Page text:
The intersection between sex and drugs: a cross-sectional study among the spouses of injection drug users in Chennai, India
1 YR Gaitonde Centre for AIDS Research and Education, VHS Adyar, Taramani, Chennai 600113, India
2 Johns Hopkins Bloomberg School of Public Health, 615 N Wolfe Street, Baltimore, MD 21205, USA
BMC Public Health 2011, 11:39 doi:10.1186/1471-2458-11-39Published: 16 January 2011
It is estimated that there are up to 1.1 million injection drug users (IDUs) in India; the majority are likely married. We characterize HIV, hepatitis B (HBV) and hepatitis C (HCV) prevalence and the risk environment of a sample of spouses of IDUs.
A cohort of 1158 IDUs (99% male) was recruited in Chennai, India from 2005-06. A convenience sample of 400 spouses of the male IDUs in this cohort was recruited in 2009. A risk assessment questionnaire was administered and a blood sample collected. Logistic regression was used to identify factors associated with prevalent HIV.
Median age was 31 years; thirteen percent were widowed and 7% were not currently living with their spouse. Only 4 (1%) reported ever injecting drugs; Twenty-two percent and 25% reported ever using non-injection drugs and alcohol, respectively. The majority had one lifetime sexual partner and 37 (9%) reporting exchanging sex. Only 7% always used condoms with their regular partner. HIV, HBV and HCV prevalence were 2.5%, 3.8% and 0.5%, respectively; among spouses of HIV+ IDUs (n = 78), HIV prevalence was 10.3%. The strongest predictor of HIV was spousal HIV status (OR: 17.9; p < 0.001). Fifty-six percent of women had ever experienced intimate partner violence; Eight-six percent reported sexual violence.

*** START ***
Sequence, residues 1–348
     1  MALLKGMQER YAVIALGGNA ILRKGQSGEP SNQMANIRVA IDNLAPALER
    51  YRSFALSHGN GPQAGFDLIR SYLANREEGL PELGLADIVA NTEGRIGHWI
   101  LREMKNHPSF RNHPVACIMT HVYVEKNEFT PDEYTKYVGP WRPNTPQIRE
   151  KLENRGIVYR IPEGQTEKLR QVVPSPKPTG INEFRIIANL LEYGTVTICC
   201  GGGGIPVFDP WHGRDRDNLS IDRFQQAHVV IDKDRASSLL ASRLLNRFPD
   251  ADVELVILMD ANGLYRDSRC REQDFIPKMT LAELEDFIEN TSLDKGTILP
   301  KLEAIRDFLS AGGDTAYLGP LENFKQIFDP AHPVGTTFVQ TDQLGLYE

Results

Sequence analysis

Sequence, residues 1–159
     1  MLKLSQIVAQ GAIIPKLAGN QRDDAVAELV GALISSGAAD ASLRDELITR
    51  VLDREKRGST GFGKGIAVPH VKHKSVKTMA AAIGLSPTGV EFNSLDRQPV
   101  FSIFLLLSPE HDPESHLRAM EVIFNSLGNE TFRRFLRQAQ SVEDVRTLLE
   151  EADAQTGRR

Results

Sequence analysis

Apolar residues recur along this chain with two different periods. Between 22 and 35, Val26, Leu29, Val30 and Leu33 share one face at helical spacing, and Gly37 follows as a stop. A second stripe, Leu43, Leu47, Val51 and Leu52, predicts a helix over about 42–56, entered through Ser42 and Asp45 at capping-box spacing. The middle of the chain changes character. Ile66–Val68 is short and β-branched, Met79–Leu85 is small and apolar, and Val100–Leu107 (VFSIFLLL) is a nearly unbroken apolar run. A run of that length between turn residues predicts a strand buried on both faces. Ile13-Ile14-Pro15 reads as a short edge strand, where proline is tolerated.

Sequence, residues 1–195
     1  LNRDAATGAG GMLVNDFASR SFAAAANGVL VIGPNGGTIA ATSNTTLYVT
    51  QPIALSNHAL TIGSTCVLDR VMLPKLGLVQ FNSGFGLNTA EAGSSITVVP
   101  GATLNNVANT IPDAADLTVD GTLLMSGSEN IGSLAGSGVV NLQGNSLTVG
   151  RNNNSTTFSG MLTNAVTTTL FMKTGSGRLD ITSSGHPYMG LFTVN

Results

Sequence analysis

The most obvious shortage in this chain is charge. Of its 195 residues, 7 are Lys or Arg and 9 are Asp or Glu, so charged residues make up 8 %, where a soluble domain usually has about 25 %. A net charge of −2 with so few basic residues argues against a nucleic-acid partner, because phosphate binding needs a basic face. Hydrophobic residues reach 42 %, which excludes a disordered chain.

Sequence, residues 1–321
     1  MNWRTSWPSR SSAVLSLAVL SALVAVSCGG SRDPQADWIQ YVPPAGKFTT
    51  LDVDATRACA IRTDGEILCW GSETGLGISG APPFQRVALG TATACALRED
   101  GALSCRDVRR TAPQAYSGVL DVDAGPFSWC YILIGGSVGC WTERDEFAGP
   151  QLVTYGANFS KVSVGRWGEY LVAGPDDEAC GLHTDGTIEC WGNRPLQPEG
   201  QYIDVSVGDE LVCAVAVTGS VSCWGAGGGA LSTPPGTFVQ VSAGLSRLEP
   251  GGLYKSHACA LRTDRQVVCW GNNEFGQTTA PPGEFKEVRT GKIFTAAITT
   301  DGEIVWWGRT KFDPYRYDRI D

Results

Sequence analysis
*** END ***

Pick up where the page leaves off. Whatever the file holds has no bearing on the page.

Our finding of a 10-fold higher HIV prevalence among spouses of IDUs compared with general population women indicates their vulnerability; prevalence is likely to increase given the context of low condom use and frequent sexual violence. Prevention efforts directed at IDUs should also include programs for spouses.